The technical aspects of privacy

The first of three public workshops kicked off a conversation with the federal government on data privacy in the US.

Thrust into controversy by Edward Snowden’s first revelations last year, President Obama belatedly welcomed a “conversation” about privacy. As cynical as you may feel about US spying, that conversation with the federal government has now begun. In particular, the first of three public workshops took place Monday at MIT.

Given the locale, a focus on the technical aspects of privacy was appropriate for this discussion. Speakers cheered about the value of data (invoking the “big data” buzzword often), delineated the trade-offs between accumulating useful data and preserving privacy, and introduced technologies that could analyze encrypted data without revealing facts about individuals. Two more workshops will be held in other cities, one focusing on ethics and the other on law. Read more…

Comments: 7

How did we end up with a centralized Internet for the NSA to mine?

The Internet is naturally decentralized, but it's distorted by business considerations.

I’m sure it was a Wired editor, and not the author Steven Levy, who assigned the title “How the NSA Almost Killed the Internet” to yesterday’s fine article about the pressures on large social networking sites. Whoever chose the title, it’s justifiably grandiose because to many people, yes, companies such as Facebook and Google constitute what they know as the Internet. (The article also discusses threats to divide the Internet infrastructure into national segments, which I’ll touch on later.)

So my question today is: How did we get such industry concentration? Why is a network famously based on distributed processing, routing, and peer connections characterized now by a few choke points that the NSA can skim at its leisure?
Read more…

Comments: 7
Four short links: 17 June 2009

Four short links: 17 June 2009

Word Mining, Open Ideas, Power Meter BotNet, and Realtime Web Traffic Tracking

  1. NY Times Mines Its Data To Identify Words That Readers Find Abstruse — the feature that lets you highlight a word on a NY Times web page and get more information about it is something that irritates me. I’m fascinated by the analysis of their data: boggling that sumptuary is less perplexing than solipsistic. Louche (#3 on the list) has been my favourite word for two years, by the way, since I heard Dylan Moran toss it out in that uniquely facile way the Irish have with words. I think Irish citizens get this incredible competence with the English language for free, along with staggering house prices and beer you can walk on.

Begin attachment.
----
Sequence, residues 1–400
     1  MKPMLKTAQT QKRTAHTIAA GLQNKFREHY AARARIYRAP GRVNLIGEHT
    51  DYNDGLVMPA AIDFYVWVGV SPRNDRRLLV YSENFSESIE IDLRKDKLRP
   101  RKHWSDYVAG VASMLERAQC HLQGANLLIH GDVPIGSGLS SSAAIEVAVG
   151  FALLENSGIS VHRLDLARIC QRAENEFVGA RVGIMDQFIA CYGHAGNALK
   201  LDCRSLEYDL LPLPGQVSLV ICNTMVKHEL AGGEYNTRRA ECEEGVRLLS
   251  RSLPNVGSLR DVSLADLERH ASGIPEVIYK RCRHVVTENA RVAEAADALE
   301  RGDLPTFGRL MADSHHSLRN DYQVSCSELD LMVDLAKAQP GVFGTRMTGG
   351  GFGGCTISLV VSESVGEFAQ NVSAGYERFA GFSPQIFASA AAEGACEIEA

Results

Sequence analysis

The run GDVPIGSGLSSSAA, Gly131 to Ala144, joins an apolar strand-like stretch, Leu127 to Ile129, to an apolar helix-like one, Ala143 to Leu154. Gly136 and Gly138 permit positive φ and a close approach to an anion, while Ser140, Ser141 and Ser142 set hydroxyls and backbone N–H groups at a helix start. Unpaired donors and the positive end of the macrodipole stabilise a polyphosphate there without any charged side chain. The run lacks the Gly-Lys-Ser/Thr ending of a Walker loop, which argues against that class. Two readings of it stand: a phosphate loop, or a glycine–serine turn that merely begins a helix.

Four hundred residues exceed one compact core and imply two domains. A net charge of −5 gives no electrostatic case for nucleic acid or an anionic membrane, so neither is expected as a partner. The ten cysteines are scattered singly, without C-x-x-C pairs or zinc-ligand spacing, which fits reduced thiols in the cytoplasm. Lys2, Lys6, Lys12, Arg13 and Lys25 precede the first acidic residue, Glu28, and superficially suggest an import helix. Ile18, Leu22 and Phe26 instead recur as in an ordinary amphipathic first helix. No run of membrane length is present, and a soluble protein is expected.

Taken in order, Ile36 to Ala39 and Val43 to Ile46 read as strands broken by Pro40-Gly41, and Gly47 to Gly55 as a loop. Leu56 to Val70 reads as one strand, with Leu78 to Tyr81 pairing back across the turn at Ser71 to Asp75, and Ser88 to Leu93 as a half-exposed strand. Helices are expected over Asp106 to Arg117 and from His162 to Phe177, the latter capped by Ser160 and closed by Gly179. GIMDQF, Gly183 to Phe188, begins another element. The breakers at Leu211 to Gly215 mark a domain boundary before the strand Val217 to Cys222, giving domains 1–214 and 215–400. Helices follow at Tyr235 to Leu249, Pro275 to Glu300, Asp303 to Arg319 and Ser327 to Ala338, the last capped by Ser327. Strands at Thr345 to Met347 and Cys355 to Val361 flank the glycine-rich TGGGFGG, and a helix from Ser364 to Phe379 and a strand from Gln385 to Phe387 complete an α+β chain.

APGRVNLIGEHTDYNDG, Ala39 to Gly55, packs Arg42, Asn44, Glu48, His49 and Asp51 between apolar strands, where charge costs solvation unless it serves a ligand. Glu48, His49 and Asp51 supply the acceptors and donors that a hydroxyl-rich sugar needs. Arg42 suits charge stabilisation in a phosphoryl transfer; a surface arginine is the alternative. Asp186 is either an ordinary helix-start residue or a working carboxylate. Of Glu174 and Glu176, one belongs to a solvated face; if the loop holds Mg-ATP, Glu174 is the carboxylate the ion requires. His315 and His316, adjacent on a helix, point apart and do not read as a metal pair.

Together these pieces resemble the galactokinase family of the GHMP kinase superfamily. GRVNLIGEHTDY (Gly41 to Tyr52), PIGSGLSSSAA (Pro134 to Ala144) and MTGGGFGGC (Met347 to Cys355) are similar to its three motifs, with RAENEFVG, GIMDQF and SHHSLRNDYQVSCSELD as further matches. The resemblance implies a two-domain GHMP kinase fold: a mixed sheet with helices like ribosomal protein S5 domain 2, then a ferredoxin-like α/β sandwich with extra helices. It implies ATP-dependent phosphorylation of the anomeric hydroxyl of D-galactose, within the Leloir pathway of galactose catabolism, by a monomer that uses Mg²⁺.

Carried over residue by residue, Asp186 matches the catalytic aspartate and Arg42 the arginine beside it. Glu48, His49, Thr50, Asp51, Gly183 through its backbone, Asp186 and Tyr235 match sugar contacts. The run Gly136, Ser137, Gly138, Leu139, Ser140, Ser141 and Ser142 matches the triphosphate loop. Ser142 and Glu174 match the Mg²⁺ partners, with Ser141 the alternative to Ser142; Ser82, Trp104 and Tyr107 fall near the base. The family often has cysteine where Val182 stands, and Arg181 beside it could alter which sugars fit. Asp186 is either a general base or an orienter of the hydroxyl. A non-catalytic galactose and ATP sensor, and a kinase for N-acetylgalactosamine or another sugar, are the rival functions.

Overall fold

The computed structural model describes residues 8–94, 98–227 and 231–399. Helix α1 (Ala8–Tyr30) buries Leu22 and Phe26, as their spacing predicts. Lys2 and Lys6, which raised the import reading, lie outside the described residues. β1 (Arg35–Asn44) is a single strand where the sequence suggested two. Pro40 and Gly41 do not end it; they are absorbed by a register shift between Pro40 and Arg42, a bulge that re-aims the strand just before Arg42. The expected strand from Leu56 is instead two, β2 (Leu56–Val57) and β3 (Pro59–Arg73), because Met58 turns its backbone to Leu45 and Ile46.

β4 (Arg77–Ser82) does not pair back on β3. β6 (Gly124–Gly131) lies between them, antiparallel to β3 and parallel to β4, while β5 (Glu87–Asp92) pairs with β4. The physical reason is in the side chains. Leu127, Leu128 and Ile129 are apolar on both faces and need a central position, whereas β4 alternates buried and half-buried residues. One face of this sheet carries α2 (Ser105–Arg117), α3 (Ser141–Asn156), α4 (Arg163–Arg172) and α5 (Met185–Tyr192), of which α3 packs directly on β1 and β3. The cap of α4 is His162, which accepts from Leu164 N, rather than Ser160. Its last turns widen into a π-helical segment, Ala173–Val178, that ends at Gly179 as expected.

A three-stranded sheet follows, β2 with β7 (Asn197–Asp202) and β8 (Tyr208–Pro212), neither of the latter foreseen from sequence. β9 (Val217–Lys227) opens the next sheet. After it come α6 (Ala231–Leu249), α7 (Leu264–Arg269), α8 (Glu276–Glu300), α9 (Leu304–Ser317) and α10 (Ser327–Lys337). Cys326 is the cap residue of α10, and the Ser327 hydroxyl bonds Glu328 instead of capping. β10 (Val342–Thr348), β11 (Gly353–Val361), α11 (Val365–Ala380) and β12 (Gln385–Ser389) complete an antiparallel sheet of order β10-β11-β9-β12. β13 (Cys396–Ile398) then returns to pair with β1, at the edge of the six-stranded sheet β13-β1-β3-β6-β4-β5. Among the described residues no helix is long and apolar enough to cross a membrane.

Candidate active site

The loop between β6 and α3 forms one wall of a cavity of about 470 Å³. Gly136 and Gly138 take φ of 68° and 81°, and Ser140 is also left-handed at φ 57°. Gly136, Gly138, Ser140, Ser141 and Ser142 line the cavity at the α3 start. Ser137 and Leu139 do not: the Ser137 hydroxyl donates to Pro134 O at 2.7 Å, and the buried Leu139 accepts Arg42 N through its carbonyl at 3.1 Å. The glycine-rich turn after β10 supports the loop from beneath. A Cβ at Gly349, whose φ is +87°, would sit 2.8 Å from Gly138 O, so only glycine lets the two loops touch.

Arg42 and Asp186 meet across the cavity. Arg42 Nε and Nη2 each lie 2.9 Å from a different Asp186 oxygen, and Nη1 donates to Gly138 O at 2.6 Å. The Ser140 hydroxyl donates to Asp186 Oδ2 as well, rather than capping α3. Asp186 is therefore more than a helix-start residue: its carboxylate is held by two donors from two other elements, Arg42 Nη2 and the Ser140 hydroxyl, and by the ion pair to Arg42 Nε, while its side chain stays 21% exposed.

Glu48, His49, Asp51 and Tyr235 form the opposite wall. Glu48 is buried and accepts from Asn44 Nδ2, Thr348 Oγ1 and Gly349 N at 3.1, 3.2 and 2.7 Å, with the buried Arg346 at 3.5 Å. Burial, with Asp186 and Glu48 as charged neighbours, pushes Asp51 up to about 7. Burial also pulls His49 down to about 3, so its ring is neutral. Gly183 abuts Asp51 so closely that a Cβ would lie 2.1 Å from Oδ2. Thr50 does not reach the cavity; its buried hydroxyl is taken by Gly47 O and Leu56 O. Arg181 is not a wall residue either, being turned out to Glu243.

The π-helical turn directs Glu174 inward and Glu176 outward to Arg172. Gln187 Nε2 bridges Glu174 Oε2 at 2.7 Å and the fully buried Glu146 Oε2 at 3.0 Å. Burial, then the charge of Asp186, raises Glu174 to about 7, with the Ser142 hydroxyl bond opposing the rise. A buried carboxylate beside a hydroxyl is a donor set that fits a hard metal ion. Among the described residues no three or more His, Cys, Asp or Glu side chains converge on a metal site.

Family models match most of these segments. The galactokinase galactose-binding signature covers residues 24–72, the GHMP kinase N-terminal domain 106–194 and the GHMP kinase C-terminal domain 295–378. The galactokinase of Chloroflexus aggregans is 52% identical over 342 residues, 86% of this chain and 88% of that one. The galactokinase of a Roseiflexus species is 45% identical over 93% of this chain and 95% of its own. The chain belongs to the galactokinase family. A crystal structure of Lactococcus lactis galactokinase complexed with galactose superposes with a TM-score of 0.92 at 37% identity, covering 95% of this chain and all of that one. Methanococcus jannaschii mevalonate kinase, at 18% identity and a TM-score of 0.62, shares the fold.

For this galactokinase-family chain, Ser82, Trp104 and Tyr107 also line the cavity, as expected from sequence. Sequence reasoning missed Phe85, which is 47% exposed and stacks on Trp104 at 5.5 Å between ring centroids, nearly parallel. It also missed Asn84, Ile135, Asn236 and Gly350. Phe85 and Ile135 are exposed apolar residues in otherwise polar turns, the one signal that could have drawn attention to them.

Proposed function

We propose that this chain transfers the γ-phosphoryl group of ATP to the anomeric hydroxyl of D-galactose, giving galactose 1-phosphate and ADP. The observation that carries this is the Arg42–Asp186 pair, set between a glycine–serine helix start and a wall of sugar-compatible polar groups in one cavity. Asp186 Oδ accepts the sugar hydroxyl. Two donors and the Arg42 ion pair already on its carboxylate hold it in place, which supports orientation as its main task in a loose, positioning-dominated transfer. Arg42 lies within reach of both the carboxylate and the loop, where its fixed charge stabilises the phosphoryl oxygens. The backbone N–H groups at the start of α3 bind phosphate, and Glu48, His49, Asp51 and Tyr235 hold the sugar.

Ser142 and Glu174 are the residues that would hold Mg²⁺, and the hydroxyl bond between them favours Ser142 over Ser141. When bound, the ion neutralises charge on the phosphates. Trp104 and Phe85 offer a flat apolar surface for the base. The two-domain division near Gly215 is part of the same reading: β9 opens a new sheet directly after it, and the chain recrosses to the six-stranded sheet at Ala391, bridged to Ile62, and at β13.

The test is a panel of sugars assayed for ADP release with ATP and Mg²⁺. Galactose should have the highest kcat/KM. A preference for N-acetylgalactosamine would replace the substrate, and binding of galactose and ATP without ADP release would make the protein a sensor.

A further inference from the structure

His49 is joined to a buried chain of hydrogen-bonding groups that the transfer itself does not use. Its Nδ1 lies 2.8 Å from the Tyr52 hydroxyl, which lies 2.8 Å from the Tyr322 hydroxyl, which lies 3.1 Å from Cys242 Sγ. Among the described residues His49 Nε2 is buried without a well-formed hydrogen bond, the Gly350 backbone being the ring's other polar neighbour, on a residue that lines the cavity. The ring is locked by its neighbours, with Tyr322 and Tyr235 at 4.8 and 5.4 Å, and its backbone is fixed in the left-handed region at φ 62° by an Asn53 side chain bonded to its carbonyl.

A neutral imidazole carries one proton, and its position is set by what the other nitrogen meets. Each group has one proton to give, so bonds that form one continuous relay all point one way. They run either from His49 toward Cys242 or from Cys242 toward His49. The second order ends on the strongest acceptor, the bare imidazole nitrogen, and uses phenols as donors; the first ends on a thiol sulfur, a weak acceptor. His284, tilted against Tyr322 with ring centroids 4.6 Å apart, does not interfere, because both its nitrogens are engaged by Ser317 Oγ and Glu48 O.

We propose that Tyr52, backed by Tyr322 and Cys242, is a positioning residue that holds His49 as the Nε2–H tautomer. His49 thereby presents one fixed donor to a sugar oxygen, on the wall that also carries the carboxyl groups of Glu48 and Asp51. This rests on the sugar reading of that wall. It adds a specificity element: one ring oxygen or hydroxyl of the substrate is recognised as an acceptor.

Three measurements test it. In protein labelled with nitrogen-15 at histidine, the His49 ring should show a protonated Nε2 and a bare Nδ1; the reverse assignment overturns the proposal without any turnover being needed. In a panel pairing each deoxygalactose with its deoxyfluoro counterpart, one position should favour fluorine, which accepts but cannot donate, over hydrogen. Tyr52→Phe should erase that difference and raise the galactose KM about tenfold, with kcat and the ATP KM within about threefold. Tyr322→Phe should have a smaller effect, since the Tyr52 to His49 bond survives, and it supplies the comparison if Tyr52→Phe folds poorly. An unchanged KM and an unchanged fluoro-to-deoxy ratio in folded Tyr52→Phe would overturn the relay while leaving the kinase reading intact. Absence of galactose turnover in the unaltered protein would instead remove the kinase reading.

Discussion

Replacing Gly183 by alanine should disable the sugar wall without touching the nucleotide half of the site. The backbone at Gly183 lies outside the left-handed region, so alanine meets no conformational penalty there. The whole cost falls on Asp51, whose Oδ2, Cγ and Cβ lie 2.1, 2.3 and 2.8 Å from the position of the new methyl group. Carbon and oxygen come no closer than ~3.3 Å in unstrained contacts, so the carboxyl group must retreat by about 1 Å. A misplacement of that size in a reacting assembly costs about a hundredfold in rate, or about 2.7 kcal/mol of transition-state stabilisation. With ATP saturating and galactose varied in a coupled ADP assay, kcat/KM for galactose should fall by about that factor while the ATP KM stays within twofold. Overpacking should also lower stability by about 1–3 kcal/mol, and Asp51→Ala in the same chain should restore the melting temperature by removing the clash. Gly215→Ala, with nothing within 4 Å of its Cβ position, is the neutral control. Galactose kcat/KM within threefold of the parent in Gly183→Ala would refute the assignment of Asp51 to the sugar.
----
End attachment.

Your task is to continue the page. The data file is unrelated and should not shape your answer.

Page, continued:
2. Open Ideas — Alex Payne’s blog of Concepts in the public domain, awaiting collaboration and appropriation.
  3. Buggy ‘smart meters’ open door to power-grid botnet (The Register) — Paul Graham said that we’ve found what we get when we cross a television with a computer: a computer. Similarly, intelligent power meters are computers, computers that apparently haven’t been well-secured. To prove his point, Davis and his IOActive colleagues designed a worm that self-propagates across a large number of one manufacturer’s smart meter. Once infected, the device is under the control of the malware developers in much the way infected PCs are under the spell of bot herders. Attackers can then send instructions that cause its software to turn power on or off and reveal power usage or sensitive system configuration settings.
  4. Chartbeat — the sexiest web analytics ever. It gives realtime count of users, whether they’re reading or writing (based on whether focus is in a form element), where they’re from, mentions on Twitter, and more and more and more. This is a different form of analytics than Google Analytics, which tells you trends and historical access. Love this for the pure sex appeal of a heads-up dashboard that can tell you exactly how many people are on your site and exactly what they’re doing. (via Artur)
Comments Off

Credit card company data mining makes us all instances of a type

The New York Times has recently published one of their in-depth,
riveting descriptions of how

credit card companies use everything they can learn about us
Any detail can be meaningful: what time of day you buy things, or the
quality of the objects you choose. So who gave them permission to use our purchase information against us? What law could possibly address this kind of power play? There’s another disturbing aspect to the data mining: it treats us all as examples of a pattern rather than as individuals.

Comments: 22